Do you end up punishing your child for poor behaviour? What do you use? Is it taking away their iPad? Is it sending your child to their room? Is it stopping them from watching their favourite programme? A quick smack?
If punishing worked, you’d never need to punish your child twice. If punishing worked, the behaviour you don’t like would have stopped.
So is it working? I’m guessing, it isn’t! Because you’ve read this far!
When you think about it if punishing worked our prisons would be empty!
As a parent, you’re the person who should be there to love and protect your child, not hurt them. When you punish, your child is confused and resentful, and it damages the bond you have. Just think, how would you like your boss at work to punish you if you made a mistake?
The word discipline comes from the word ‘to teach.’ You discipline your child not to control them, but to help them learn how to control and manage their own behaviour.
So why do we end up punishing children? Because our parents punished us! Because fear makes children behave in the short-term. And sometimes, when our buttons get pushed, we don’t know what else to do.
Many parents come to me, as a parenting coach, to help them change how their children behave. Perhaps to tackle an angry child, siblings fighting, or perhaps a child hitting. A lot of what I cover during the sessions is to show parents how to prevent a child misbehaving in the first place. And we cover 14 alternative ways to discipline children when they test the boundaries.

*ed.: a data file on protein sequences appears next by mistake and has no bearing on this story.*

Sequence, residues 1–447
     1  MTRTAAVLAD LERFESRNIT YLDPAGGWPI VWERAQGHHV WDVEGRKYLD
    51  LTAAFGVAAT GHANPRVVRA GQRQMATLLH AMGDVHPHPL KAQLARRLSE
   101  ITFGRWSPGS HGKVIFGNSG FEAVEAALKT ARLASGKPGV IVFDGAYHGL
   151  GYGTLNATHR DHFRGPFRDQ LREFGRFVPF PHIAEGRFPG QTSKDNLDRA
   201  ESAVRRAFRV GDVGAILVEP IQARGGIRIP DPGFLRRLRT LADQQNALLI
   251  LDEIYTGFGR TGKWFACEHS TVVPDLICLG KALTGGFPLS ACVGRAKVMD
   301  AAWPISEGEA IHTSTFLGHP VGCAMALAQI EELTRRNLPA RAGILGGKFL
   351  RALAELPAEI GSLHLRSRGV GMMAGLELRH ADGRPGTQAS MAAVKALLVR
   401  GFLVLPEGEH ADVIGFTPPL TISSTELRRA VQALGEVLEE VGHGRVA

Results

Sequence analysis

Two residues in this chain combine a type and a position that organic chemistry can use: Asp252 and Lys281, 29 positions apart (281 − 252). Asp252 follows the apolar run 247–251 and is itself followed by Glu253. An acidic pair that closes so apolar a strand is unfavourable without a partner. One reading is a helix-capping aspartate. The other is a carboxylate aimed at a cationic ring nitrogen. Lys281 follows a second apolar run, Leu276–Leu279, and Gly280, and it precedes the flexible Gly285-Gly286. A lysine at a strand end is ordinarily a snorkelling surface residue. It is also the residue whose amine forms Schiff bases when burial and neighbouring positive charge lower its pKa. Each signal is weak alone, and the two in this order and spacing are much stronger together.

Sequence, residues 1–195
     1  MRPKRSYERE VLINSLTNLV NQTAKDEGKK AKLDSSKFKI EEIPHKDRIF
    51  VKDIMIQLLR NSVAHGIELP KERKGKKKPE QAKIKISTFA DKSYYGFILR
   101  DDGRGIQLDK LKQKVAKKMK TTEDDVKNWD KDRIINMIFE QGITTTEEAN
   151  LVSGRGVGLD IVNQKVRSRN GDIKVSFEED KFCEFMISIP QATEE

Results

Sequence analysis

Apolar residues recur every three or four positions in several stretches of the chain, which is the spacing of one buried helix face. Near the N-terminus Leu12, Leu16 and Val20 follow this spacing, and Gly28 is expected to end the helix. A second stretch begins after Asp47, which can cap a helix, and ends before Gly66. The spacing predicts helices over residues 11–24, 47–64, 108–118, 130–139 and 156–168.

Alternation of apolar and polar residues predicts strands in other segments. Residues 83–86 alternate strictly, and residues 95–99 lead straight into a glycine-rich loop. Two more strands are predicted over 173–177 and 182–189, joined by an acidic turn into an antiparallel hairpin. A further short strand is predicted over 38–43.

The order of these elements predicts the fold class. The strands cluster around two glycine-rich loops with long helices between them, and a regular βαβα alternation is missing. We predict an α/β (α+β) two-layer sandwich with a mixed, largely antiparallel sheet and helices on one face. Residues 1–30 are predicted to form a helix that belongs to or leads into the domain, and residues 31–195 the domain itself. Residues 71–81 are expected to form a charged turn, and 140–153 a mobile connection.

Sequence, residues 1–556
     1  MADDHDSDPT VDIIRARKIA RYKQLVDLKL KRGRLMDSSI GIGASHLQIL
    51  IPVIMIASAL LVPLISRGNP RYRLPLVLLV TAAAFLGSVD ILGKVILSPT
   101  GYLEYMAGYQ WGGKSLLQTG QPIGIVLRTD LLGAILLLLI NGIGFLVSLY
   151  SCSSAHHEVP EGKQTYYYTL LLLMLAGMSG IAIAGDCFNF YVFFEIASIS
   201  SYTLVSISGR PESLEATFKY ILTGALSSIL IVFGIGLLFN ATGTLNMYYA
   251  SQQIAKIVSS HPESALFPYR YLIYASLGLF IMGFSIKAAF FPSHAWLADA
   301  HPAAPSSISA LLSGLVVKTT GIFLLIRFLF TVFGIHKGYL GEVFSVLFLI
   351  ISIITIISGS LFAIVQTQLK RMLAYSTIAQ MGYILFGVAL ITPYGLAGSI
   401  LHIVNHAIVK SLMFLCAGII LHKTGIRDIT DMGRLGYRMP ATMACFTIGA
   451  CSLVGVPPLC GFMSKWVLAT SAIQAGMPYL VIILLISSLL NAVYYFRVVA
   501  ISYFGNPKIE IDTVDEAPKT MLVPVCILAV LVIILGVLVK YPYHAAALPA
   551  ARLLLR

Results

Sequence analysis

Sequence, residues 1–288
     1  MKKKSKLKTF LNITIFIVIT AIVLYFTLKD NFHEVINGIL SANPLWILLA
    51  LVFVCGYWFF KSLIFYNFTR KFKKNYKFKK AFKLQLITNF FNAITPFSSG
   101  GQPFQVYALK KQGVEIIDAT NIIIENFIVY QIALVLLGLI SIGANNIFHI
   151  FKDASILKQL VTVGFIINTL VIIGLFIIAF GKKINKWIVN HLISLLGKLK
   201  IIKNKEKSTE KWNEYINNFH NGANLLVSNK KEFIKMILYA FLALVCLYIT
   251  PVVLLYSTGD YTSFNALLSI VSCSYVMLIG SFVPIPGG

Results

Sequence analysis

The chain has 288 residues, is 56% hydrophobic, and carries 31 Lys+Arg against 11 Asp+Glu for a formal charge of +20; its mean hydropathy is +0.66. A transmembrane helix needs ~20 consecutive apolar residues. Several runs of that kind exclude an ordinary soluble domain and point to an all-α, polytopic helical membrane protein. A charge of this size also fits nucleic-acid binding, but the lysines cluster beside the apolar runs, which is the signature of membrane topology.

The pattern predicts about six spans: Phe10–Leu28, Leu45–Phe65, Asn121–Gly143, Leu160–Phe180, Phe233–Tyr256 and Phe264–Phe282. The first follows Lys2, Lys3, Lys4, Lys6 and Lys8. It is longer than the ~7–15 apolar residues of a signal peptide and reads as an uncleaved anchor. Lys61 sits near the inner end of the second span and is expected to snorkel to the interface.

Here’s one of the 14 methods:
Alternative to punishing: The ‘Learning from Mistakes’ method.
- You need to stay calm, and let your child time to calm down so he or she can deal with the mistake. That could be 20 minutes or a few hours.
- Your child needs to admit what happened and that it was a mistake. It’s ok. We all make mistakes!
- They need to do something nice for the person they upset to make amends. That could be a sorry note or picture or doing something helpful such as washing the kitchen floor or giving you a neck massage.
- Then you ask your child: ‘What can you learn from this? What would you do differently next time?’ This is the most important bit, so help them explore what they need to do if that situation happened again.
- Then you’re done. It’s a clean slate. You can move on. The matter is now over, and you make sure you don’t mention it again. Finito!
Remember if you want your child to learn from the mistakes they make, next time you’re tempted to punish your child, try this instead.